Chronic Renal Failure

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Also Known As: CRF


Chronic renal failure is the end result of persistent, chronic renal disease - it is usually irreversible and involves the gradual and progressive loss of nephrons resulting in loss of function. Clinical signs include polyuria/polydipsia (PU/PD) and uraemia, and blood sample analysis shows azotaemia, non-regenerative anaemia and hyperphosphataemia. Often presented as 'end stage kidney' disease, on gross pathology kidneys are shrunken, fibrosed, pale and firm.


Chronic kidney disease is most common in geriatric cats. In these cases the cause is generally unknown and assumed to be age-related. It can also occur in younger cats, but in these cases there tends to be an underlying intrinsic cause such as pyelonephritis, FIP, lymphoma, hypercalcaemia, polycystic kidney disease, amyloidosis, obstructive disease, glomerulonephritis, toxins or acute renal failure.

It can also occur in the dog in one of the following three presentations; young dogs with heritable or breed associated disease; geriatric dogs suffering from chronic kidney disease; and dogs presenting with proteinurea or nephrotic syndrome at any age. Disease in this final group of dogs can be caused by a number of things such as pyelonephritis, leptospirosis, hypercalcaemic nephropathy, neoplasia, amyloidosis, obstructive disease, glomerulonephritis, toxins or acute renal failure.

Clinical Signs

Clinical signs do not tend to develop until damage to the kidneys is quite advanced, as they can function adequately with destruction of up to three quarters of the nephrons. The severity of clinical signs normally correlates to the severity of renal failure. Prior to the development of clinical signs, the cat may be suffering chronic kidney disease (CKD) but it is only with the development of clinical signs that the disease complex is known as chronic renal failure (CRF).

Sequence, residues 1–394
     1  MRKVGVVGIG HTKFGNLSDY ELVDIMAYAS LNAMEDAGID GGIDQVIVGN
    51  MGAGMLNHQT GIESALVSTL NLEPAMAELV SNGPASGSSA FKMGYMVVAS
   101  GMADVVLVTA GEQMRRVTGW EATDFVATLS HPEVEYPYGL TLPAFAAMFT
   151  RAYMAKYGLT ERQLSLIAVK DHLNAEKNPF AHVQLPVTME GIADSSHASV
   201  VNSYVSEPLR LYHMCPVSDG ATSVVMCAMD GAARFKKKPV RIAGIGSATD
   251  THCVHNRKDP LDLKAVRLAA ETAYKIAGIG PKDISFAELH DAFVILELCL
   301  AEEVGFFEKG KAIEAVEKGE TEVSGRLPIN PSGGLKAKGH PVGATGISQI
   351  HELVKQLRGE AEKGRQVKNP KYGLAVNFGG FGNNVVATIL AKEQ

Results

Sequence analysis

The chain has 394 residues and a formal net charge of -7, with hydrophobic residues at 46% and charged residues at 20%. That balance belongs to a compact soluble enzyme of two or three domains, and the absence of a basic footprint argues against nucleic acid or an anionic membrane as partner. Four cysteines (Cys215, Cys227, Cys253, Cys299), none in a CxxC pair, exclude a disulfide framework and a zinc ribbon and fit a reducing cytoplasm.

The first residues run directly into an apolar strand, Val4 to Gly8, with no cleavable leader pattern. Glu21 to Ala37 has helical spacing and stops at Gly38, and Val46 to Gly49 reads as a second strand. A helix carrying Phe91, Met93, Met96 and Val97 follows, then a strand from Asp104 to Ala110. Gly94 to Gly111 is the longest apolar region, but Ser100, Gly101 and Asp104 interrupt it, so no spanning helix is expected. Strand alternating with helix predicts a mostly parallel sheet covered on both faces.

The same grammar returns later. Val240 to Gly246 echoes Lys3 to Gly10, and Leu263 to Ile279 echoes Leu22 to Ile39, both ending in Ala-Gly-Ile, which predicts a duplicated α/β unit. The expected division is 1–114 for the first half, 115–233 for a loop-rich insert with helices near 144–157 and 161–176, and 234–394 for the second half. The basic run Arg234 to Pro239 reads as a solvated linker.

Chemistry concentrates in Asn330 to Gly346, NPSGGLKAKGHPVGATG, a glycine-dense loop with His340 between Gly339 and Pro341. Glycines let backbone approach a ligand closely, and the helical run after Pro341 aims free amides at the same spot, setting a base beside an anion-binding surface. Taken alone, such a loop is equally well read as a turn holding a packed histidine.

For renal failure to be classed as chronic, clinical signs should be of two weeks or more duration:

Following physical exam and basic diagnostics the following features may be evident:

On post mortem, gross pathology will reveal kidneys that are shrunken, fibrosed, pale and firm.


Depending on the clinical presentation and the wishes of the owner, a full work-up to diagnose an underlying cause may not be necessary (particularly in geriatric cats). If the cause for nephron dysfunction is pursued haemotology, biochemistry and urinalysis should be performed as standard. Additionally imaging of the urinary system by ultrasound or radiography can be performed. Finally, renal biopsy may be indicated, especially in the cases where a lesion has been identified. However these often fail to provide a conclusive diagnosis, with histopathology showing interstitial fibrosis regardless of the original cause.

Plasma urea and creatinine are normally measured in early diagnostics, however they are relatively insensitive - only demonstrating renal disease when over two thirds of the nephrons no longer function. Urine specific gravity is a more useful tool, as cats suffering from CRF begin to lose the ability to concentrate urine appropriately early in the disease. Measuring the GFR is the ideal measurement of renal excretory function.


The disease can be staged. This helps to guide the prognosis and diagnostic plan. In addition it allows the clinician to monitor the progression of the disease over time in an individual animal.

The IRIS (International Renal Insufficiency Society) Staging System is a system based on creatinine values, which are an approximately equal to the Glomerular Filtration Rate (GFR):